Linea Laird made her mark at WSDOT leading construction of the 2007 Tacoma Narrows Bridge before becoming administrator of the Highway 99 tunnel project.

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Linea Laird, the former administrator of the Highway 99 tunnel project, has been picked to temporarily lead the Seattle Department of Transportation — with a special mandate to help travelers survive waterfront construction.

Sometime this fall, the new four-lane tunnel will open, without downtown exits. That’s preceded by a three-week total closure when the old Alaskan Way Viaduct is shut down and the tunnel isn’t open yet.

Afterward, viaduct demolition will block streets in the first half of 2019.

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Laird made her mark leading construction of the 2007 Tacoma Narrows Bridge, a classic suspension span completed on budget and only three months late.

Later as Highway 99 administrator, Laird managed the contract and bid competition won by a partnership of Spanish-based Dragados USA and California-based Tutor-Perini to build the unprecedented 57-foot-diameter tunnel — a contract that’s now key to whether the state withstands up to $600 million in lawsuits to pay cost overruns.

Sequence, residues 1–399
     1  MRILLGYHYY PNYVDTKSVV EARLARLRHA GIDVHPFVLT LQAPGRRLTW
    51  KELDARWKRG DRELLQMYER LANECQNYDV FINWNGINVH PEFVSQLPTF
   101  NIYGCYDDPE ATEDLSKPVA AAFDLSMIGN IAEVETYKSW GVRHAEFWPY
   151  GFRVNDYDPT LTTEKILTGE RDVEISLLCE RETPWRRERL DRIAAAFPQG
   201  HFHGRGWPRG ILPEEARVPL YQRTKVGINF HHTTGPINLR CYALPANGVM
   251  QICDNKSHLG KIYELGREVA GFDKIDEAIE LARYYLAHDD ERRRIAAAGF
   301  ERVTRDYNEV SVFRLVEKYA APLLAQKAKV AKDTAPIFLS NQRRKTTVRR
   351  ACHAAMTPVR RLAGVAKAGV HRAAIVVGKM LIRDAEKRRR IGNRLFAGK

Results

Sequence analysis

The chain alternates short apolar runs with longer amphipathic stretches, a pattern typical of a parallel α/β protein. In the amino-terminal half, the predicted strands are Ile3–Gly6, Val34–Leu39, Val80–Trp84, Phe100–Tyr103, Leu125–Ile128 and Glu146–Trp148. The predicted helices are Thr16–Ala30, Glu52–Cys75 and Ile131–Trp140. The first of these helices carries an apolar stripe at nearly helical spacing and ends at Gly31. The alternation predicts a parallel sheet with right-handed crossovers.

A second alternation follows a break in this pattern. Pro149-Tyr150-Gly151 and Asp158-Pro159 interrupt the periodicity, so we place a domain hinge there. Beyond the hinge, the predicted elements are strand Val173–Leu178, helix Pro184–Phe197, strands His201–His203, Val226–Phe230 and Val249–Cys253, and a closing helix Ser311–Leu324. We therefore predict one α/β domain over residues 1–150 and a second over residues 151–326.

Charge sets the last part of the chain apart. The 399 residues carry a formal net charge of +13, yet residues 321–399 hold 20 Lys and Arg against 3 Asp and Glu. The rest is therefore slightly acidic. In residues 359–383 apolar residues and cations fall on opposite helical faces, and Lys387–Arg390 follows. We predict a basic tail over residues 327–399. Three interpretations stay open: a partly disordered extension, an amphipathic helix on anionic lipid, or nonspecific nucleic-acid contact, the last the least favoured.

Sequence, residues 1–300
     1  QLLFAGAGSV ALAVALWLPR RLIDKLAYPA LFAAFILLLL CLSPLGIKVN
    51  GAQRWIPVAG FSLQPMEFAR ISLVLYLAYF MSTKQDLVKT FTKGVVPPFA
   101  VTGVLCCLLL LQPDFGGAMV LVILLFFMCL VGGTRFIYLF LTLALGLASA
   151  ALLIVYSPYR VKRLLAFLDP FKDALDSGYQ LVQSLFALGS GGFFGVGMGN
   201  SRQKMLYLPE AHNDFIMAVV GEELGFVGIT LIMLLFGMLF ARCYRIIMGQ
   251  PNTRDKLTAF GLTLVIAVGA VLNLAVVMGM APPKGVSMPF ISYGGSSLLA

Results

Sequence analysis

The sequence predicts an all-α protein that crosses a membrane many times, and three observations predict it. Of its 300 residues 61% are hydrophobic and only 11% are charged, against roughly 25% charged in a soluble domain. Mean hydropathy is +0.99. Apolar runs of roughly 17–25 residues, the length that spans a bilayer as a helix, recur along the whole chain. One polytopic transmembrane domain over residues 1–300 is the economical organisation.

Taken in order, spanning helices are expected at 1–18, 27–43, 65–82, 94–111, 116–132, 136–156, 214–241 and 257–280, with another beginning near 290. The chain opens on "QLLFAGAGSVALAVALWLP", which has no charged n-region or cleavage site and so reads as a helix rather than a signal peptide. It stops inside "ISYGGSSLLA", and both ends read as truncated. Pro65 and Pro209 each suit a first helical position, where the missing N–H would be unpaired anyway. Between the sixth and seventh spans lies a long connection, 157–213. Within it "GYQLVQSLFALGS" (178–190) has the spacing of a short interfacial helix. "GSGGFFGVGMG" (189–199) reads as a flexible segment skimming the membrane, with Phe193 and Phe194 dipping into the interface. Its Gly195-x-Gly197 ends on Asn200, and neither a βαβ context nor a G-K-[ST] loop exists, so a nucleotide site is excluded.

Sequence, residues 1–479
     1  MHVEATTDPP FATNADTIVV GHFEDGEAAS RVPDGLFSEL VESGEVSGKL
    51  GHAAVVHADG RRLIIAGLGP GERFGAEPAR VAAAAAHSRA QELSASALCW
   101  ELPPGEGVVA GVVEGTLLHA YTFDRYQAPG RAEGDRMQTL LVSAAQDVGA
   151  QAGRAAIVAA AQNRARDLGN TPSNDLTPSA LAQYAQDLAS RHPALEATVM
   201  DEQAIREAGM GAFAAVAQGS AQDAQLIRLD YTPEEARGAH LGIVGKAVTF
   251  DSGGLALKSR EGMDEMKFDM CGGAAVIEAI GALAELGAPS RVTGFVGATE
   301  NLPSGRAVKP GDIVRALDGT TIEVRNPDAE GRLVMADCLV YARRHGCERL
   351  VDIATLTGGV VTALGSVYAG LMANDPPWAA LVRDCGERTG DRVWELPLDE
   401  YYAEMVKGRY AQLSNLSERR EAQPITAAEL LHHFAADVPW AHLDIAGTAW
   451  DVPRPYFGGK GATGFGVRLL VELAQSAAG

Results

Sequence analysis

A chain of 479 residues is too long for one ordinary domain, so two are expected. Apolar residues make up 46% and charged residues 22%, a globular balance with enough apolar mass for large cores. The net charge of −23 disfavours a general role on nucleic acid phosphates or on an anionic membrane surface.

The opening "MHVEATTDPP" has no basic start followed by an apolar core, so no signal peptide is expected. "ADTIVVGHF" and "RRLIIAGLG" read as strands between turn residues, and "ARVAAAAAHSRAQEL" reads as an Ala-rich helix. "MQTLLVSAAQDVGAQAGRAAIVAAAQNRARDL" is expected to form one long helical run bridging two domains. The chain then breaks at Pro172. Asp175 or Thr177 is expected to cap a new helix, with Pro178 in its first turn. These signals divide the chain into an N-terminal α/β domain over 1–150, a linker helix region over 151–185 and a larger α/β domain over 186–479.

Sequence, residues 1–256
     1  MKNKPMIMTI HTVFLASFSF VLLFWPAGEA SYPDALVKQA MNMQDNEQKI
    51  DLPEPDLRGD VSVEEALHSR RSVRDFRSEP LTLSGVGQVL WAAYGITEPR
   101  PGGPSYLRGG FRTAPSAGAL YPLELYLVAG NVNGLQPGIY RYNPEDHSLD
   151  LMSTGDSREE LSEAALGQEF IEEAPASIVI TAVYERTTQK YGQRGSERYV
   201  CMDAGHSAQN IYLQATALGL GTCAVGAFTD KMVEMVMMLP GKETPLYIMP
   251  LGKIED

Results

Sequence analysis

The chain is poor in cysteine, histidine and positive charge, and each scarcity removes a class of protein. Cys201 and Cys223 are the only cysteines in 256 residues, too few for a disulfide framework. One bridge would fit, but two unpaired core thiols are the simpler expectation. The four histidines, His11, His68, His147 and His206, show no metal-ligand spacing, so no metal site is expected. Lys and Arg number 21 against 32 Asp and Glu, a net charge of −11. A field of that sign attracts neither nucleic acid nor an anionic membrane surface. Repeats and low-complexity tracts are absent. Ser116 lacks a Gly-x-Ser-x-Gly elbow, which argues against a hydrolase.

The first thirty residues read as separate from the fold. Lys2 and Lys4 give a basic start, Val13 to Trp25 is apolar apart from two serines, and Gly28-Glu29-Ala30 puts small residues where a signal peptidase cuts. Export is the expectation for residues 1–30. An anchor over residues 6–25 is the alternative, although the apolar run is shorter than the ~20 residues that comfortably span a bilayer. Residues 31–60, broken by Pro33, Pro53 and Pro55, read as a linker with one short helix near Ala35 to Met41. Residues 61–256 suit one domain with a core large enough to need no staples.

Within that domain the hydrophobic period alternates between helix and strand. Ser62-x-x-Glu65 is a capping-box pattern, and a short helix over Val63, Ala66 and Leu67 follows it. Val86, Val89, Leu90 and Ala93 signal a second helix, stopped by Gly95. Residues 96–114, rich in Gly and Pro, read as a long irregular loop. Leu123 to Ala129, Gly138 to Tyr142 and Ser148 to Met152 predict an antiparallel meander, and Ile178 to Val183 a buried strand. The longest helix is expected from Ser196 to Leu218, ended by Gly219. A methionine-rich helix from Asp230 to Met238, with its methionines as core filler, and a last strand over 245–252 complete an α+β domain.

In 2013 she was promoted to chief engineer for the entire Washington State Department of Transportation (WSDOT). She retired from the agency within the last year.

Laird’s management style can be characterized as calm and attentive to detail, including frequent visits to job sites.

She succeeds Goran Sparrman, who stepped into the Seattle DOT role in January to replace the departing Scott Kubly, now an executive at LimeBike. Sparrman has always said he would leave after August.

Among other challenges, Laird takes over as several projects in the $930 million Move Seattle levy slide behind schedule, prompting a “reset” by the Durkan administration. In addition, the mayor suspended work on a roughly $200 million First Avenue streetcar line that remains in limbo. Drivers and safe-streets activists alike routinely flame the agency in blogs and social media.

“As we head into upcoming construction that will constrain our downtown streets, Linea will bring strong experience to oversee the delivery of Move Seattle levy and our City’s major capital transportation projects as well as expertise around Center City mobility challenges,” Durkan’s statement said.

Meanwhile, an 11-member search committee, which includes King County Metro Transit General Manager Rob Gannon, has been named to find a permanent director.